Category Archives: History

Intro To A Blogger – My Beautiful Things


Today’s Music: Tori Amos – Take To The Sky
Note on Today’s Music: With the subject matter, you’d think I’d be inclined to use David Bowie – Suffragette City.
No. It’s anot appropriate here.
And David Bowie sucks.

I watched Wendy Davis, Texas state Senator on a live stream the other night.
For about eleven hours, she stood and filibustered a bill to restrict abortion rights in Texas.
I caught a documentary about the doomed Space Shuttle Challenger, carrying Sally Ride, the first American Woman in space.
I was doing some reading and came across something on Carrie Nation (not a favorite of mine), who was a big mover in the Temperance Movement that led to Prohibition after her death.

Be impressed or annoyed, but there’s no denying that these women showed the best (and most annoying) of humankind. And to think that around the world, there was a time when they didn’t even have the vote.

My Beautiful Things

My Beautiful Things


My Beautiful Things is a blogger who’s Great Grandmother was a suffragette in England. Her ancestor lives on in MBT’s Suffragette Garden.
She’s primarily a photo blogger. Her text gives context to the photos, and brief descriptions to make them a little clearer.
I’m not sure when I started following, or why (I’m actually kind of crass in real life, so I’m as surprised as you that I follow a tasteful, well presented photo blog), but I’m glad I did.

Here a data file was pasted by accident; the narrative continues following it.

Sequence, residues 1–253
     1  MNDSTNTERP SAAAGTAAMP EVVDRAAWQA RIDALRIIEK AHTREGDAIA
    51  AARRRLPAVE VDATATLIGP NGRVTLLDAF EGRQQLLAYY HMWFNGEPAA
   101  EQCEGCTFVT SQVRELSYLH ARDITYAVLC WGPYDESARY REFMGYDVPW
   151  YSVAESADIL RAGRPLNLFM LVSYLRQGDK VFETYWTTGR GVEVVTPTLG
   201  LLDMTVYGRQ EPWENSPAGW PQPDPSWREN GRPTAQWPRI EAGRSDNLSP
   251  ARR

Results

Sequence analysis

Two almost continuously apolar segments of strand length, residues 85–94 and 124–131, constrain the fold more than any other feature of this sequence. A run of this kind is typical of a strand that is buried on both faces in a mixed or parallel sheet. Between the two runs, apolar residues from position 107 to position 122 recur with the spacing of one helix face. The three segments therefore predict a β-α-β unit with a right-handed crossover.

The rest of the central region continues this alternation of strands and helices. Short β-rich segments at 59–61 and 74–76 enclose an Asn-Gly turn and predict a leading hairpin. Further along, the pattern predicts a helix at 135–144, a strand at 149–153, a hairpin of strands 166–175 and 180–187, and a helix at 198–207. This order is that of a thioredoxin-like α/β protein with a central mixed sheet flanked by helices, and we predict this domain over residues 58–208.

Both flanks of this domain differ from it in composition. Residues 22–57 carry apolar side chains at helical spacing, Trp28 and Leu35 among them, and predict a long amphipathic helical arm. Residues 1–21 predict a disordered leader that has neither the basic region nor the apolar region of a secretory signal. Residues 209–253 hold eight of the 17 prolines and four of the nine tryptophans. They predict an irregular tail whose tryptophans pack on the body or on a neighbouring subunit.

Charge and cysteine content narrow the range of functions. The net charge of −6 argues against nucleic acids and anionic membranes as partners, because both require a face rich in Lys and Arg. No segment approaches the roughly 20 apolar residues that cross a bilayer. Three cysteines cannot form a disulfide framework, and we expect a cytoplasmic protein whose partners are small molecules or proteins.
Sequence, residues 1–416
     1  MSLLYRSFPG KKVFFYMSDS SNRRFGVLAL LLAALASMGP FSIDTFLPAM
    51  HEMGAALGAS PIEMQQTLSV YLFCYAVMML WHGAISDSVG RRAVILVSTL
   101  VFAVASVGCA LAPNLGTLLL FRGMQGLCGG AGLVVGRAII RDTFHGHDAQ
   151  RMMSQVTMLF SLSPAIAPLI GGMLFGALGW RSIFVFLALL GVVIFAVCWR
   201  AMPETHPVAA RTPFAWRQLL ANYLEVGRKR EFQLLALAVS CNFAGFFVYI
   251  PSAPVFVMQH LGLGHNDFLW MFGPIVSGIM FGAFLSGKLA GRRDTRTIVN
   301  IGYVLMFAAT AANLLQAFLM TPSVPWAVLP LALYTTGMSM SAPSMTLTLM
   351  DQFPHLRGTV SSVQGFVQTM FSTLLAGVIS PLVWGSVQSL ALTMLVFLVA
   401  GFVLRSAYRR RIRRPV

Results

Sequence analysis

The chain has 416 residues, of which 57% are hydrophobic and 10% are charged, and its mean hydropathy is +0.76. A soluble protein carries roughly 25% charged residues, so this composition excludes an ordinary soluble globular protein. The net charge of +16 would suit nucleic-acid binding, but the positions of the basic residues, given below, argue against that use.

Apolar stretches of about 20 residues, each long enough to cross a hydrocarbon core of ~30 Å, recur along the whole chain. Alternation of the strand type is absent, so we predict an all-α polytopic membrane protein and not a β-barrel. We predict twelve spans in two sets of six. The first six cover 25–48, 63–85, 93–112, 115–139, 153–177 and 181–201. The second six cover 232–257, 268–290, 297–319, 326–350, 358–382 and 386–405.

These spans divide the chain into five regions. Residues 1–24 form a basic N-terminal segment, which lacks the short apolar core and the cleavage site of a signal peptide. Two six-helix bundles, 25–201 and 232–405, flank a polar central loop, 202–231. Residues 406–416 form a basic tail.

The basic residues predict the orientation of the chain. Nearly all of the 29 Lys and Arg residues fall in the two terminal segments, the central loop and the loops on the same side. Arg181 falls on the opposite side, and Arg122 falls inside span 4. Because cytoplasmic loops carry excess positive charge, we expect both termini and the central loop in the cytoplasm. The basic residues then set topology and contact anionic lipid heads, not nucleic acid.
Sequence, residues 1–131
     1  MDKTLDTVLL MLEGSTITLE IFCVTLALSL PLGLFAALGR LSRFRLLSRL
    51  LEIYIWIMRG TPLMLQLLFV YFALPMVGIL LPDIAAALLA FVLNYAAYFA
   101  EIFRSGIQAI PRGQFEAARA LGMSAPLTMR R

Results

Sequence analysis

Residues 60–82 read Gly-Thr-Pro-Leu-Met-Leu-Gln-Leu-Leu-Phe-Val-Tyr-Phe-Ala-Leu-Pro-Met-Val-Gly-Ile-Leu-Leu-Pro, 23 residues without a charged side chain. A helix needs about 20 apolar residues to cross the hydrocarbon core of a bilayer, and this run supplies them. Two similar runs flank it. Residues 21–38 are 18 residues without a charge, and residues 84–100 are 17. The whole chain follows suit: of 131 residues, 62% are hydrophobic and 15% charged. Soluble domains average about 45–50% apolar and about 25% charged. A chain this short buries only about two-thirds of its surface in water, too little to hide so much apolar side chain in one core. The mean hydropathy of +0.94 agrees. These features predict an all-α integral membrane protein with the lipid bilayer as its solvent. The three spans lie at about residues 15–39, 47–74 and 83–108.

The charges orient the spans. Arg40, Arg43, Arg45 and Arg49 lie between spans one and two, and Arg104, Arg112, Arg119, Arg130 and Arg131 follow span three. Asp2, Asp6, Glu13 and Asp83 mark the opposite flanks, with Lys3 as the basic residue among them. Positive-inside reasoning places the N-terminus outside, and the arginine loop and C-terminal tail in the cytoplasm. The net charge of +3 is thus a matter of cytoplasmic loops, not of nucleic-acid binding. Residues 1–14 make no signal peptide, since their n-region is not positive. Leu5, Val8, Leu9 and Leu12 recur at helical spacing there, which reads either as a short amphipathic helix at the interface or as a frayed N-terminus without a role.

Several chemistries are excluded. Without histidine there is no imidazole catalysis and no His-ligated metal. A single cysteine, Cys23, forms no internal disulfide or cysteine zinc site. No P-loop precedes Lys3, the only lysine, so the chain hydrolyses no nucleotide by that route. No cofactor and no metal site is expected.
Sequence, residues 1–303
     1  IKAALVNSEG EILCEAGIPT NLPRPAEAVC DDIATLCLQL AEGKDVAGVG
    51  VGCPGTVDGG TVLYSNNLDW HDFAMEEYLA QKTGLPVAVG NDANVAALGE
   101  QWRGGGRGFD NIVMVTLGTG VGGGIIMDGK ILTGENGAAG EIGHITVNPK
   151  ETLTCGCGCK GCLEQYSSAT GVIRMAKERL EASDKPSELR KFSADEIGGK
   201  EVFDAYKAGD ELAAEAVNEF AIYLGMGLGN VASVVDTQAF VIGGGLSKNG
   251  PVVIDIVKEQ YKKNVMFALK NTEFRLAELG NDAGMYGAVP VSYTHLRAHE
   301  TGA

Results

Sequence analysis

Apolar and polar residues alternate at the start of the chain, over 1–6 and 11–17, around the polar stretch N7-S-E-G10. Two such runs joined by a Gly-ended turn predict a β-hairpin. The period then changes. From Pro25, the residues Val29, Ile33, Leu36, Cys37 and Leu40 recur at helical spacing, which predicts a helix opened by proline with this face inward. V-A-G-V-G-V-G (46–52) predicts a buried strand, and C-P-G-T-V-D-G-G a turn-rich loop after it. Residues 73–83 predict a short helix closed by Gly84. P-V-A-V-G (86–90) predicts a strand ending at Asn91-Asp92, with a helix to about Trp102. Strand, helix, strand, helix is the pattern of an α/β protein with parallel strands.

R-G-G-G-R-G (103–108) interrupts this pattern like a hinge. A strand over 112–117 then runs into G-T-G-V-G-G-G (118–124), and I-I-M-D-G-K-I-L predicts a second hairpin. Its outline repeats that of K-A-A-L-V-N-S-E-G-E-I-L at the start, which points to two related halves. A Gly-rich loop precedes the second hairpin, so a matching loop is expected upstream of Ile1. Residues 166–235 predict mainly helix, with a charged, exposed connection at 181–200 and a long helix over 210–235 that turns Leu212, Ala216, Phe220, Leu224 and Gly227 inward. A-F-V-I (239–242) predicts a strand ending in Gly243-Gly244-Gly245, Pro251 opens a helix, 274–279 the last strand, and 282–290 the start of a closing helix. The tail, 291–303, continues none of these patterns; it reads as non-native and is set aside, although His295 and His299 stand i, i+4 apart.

MBT just saw the 100th anniversary of a walk her Great Grandmother participated in – a Suffragette walk. She asked if I could lend some space to publicize it a bit, and I was more than happy to agree.
She recently took part in a commemoration of that walk, and took some great pictures!
She isn’t just about that one cause though. She will also spend time updating us on what her grandkids are up to, even as she celebrates what her great grandmother and her peers achieved.
And, as the anniversary of the Great Suffragette Pilgrimage was just a couple of days ago, MBT is inordinately proud! And fortunately, she had her camera with her.

So at some point,take a moment if you’re willing to. Pause and admire, and recognize, and thank incredible women for what they’ve done for the world. And then stop by My Beautiful Things and say hi.
Her connection with history is alive, her grandkids are beautiful, and her pictures are magnificent.
And she’s one of the nicest people I’ve been privileged to hang out with here in the sphere!

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Where I’ve Been – Overview


Today’s Music: Huey Lewis and the News – Working For A Living

I’ve asked where I’m going. There were some interesting observations and questions, comments about being glad to see what got me to the point I’m at now. Here’s more detail on that…

Hello, Hiring Guy,
I’m looking for a job. I have one right now, but I’ve improved this place as much as I can and I’m looking for new challenges. I would be a great hire because I’m really smart and will make you look good…until I’ve made all the improvements to your company that I can and then move on…like the Lone Ranger… into the sunset (room at the Hilton).